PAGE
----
A mosquito-borne virus, JE is usually found in many part of Asia, the Indian subcontinent, Southeast Asia and China, although cases also occur in Indonesia and PNG. It is mainly found in rural areas around rice paddies where pigs, wading birds and humans live closely together, however it does also occur in or near cities. The risk to short-stay travellers who confine their travel to urban centres and use appropriate mosquito bite avoidance measures is low. The recommendations for vaccination are itinerary-specific. Read more on JE

Measles on the march

ProMED reports on the increase in measles cases occurring in many Libyan cities, noting that the outbreak is spreading fast. Read more

KL's dengue uptick

There has been a recent surge in dengue fever cases in Kuala Lumpur, with the greatest impact felt in three northern districts – Batu, Kepong and Segambut. Read more

Hep A cases linked to Vanuatu

Health authorities reported on seven hepatitis A cases that occurred in travellers returning from Vanuatu. The infections were acquired during an 18-day visit dating from June 10th. Read more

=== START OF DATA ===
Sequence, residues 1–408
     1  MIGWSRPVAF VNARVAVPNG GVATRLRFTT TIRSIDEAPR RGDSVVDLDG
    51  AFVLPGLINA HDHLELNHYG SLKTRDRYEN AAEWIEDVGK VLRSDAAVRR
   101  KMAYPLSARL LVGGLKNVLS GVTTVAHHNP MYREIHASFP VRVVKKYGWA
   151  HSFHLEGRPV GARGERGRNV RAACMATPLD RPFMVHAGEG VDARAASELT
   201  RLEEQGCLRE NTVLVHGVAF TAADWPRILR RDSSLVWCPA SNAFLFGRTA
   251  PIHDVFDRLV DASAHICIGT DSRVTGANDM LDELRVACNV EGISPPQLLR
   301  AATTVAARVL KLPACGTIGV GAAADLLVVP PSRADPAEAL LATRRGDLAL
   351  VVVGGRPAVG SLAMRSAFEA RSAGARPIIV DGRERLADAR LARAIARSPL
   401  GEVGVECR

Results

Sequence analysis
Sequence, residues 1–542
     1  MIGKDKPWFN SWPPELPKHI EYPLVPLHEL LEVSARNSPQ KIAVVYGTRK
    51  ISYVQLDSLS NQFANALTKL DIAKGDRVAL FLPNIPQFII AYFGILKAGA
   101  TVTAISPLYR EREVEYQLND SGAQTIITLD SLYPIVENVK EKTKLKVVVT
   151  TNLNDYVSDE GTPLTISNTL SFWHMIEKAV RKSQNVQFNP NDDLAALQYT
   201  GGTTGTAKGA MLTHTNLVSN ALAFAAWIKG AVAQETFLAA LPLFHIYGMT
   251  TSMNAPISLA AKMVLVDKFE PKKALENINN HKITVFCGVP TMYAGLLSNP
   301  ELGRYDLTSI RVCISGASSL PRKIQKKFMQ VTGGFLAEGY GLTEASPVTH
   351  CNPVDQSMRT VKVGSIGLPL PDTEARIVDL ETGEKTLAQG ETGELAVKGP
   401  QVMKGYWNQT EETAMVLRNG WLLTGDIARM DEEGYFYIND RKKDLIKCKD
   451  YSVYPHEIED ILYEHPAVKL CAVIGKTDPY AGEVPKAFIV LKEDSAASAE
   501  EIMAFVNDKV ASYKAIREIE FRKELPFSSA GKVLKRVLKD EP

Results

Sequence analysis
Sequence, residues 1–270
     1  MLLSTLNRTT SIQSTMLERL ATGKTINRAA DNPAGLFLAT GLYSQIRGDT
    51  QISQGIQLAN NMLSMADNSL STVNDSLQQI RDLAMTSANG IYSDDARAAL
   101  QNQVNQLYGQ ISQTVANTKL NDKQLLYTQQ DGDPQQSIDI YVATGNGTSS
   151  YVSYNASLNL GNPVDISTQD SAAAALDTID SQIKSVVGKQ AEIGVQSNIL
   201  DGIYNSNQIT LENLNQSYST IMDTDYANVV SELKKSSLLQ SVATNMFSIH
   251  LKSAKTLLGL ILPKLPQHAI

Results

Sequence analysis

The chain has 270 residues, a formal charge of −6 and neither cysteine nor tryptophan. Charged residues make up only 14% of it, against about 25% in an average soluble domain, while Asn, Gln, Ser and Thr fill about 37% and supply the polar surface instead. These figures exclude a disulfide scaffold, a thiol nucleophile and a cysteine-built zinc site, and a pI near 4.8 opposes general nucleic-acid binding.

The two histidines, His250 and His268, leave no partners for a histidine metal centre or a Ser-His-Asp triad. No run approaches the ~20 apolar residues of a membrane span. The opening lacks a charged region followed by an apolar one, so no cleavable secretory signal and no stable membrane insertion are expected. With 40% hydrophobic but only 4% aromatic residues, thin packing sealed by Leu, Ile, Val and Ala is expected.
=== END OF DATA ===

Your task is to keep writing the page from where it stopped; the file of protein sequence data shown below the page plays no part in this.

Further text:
Advice for travellers

Hepatitis A (HAV) is a vaccine-preventable viral disease passed on to humans primarily through oral contact with faeces of an infected person. This can occur through contaminated food and water, by handling everyday items and sexual contact. It is a significant risk in travellers to developing countries where sanitation and hygiene are lacking. A course of hepatitis A vaccine offers immunity that is 99%-plus effective and protects for 20-30 years. Travellers should also follow these guidelines for safe food and water.

Mumps outbreak slows, but not over

Auckland’s mumps outbreak is finally slowing, down from the peak of the epidemic in October 2017. In the 18 months to the end of June, almost 1,300 mumps cases were recorded in the city’s health region – the highest incidence has been among children and adults aged 10 to 29 years. Read more

Advice for travellers

These outbreaks of mumps highlight the importance of current immunisation against contagious childhood diseases, such as whooping cough (pertussis), diphtheria, rubella and measles for travel to any destination – be it a developed or developing country. Read more about mumps.